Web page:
A) Legal antecedents to adopt a corporate structure.
1.- General. In <?xml:namespace prefix = st1 ns = "urn:schemas-microsoft-com:office:smarttags" />Chile there are legally no one-person companies. Both LLCs and corporations require at least two shareholders or partners, respectively, who may be either individuals or entities, national or foreign.
In Chile there are no legal requirements as to minimum capital. The interests of partners or shareholders, respectively, may be apportioned as provided in the bylaws, without any minimum interest to be held by the minority partner or shareholder. There are likewise no impediments against the partners or shareholders being mutually affiliated companies (e.g. parent and subsidiary).
2.- Limited liability company. An LLC is basically governed by Law 3918, defined as a partnership and limited to 50 partners, based on trust, and therefore intuito personæ. Consequently, the entry or replacement of a partner requires an assignment of rights entailing amendments to the bylaws. So, both this aspect as well as any other amendment to the bylaws must have the unanimous approval or consent of the partners. The requirement for unanimous consent is usually a constraint with regard to divestment when the minority partner has a nominal capacity, since it may hamper the controlling partner's freedom of action in material issues such as early termination, dissolution, contribution of assets or liabilities, merger, assignment of rights, making majority control downright illusory (unless the minority partner is an entity controlled by the majority partner). It is less relevant in administrative matters since they are usually reserved to the majority partner, who exercises management and uses the company name directly or through agents appointed by a notarized instrument.
Besides amendments to the bylaws, an LLC suffers no major hindrances and may make its business purpose very broad, regulate management as best suits its partners' interests, e.g. having the majority partner manage directly or through agents, or entrusting management to both partners jointly, or even having the LLC be managed by a Board of Directors or Trustees as provided in the bylaws.
An LLC need not hold annual partners' meetings nor formal Board of Directors' meetings, if applicable, since it is usually managed directly by a managing partner or the agents appointed by the same.
Capital at an LLC may be established in any amount (no minimum or maximum), and the bylaws may provide for its piecemeal contribution - no contribution need be paid at the time of incorporation.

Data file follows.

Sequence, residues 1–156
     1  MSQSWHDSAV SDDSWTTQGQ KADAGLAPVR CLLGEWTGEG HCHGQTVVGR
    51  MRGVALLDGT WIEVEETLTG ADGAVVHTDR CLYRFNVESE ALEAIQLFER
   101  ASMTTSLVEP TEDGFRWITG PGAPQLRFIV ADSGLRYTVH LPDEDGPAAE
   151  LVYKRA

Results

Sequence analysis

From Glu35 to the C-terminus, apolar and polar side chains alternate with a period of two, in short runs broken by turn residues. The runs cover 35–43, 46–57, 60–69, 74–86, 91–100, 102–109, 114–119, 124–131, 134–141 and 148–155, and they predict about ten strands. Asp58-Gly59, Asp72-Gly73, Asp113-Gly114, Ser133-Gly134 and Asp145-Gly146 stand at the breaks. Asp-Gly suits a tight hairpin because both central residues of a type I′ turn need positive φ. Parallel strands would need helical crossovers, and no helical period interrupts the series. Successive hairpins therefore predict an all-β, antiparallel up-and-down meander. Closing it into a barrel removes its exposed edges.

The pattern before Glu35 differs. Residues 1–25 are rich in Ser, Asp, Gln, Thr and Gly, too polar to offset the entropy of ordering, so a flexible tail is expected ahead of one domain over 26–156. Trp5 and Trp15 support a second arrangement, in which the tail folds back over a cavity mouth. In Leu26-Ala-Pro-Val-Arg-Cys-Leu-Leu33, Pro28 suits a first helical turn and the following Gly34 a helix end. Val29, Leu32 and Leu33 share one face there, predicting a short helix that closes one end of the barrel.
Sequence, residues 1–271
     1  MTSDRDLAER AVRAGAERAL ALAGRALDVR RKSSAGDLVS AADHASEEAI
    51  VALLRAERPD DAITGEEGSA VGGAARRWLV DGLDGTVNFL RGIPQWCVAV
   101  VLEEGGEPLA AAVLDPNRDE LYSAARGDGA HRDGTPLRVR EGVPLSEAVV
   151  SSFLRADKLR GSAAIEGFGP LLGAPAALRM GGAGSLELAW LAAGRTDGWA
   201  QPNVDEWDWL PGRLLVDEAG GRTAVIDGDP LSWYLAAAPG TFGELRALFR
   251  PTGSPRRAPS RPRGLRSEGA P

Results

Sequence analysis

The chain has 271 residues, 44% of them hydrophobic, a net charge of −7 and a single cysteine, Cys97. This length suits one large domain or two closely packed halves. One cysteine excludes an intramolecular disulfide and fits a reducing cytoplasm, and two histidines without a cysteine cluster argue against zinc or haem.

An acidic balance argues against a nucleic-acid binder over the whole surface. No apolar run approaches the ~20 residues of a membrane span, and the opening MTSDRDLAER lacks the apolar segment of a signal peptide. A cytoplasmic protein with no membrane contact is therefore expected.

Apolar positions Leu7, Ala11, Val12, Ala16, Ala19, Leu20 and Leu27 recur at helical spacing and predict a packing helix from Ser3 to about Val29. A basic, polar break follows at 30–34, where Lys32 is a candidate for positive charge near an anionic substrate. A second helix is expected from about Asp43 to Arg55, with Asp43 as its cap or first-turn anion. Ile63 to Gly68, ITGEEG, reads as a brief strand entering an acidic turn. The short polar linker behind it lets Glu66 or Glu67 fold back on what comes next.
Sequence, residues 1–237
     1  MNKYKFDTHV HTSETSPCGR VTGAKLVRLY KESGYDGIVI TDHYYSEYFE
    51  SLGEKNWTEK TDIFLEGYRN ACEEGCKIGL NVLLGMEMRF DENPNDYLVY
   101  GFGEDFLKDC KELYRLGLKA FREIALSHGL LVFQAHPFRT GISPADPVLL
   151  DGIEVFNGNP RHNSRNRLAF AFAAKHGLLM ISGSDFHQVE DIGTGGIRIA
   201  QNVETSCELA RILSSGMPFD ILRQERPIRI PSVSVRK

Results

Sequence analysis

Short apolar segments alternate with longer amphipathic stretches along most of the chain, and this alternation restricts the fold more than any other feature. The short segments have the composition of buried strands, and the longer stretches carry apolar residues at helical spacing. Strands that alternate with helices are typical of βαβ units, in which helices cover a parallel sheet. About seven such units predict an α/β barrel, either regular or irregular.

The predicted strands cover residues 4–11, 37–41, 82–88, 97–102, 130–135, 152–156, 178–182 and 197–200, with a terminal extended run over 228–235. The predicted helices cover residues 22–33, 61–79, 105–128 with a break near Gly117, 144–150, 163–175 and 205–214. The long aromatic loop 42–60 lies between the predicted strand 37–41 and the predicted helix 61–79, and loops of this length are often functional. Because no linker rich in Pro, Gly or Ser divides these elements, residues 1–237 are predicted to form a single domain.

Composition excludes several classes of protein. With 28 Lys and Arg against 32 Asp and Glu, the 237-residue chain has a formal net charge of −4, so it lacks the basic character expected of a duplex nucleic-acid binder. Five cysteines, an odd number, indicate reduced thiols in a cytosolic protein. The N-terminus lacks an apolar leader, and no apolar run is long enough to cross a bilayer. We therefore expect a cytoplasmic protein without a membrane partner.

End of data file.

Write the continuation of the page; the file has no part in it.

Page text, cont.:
These companies are incorporated and evidenced by a notarized instrument, an excerpt of which must once be (a) registered in the Commerce Registry of the corporate domicile, and (b) published in the Official Gazette within 60 days from the date of incorporation. Amendments are subject to identical formalities and terms.
3.- Corporation. Private or public corporations are basically and comprehensively governed by Law 18046.
A corporation is a stock company and not a partnership. The identity of the partners is not as relevant as the fact of having made the contributions promised for furthering the business purpose. Consequently, shares may change hands freely without any amendment to the bylaws (although this right may be limited under a shareholders' agreement). Decisions are generally made by majority vote and not necessarily unanimously, even with regard to amendments to the bylaws.
The chief governing body is the shareholders' meeting, to convene at least once every year regularly and on an extraordinary basis whenever called. The regular meeting must examine and approve accounts and balance sheets, appoint the board of directors, appoint the account inspectors or external auditors, as applicable, declare dividends and decide on regular, material issues of the company. A special meeting, however, must make decisions regarding amendments to the bylaws and resolutions on early termination, merger, contribution of assets and liabilities, merger and spin-off of the company, the latter two being subject to a special majority vote
A corporation is managed by the board appointed by the shareholders, which can be removed by the same.
The board at private corporations must be composed of at least three individuals. Directors may be either Chilean or foreign and may reside or be domiciled in Chile or abroad. Resolutions and debates must be adopted or conducted at a duly constituted meeting, of which written minutes must be taken. Directors' duties may not be delegated but the bylaws may contemplate for the existence of alternate directors who are called to act incase the regular director is absent, so that the board may actually convene at the intervals provided in the bylaws.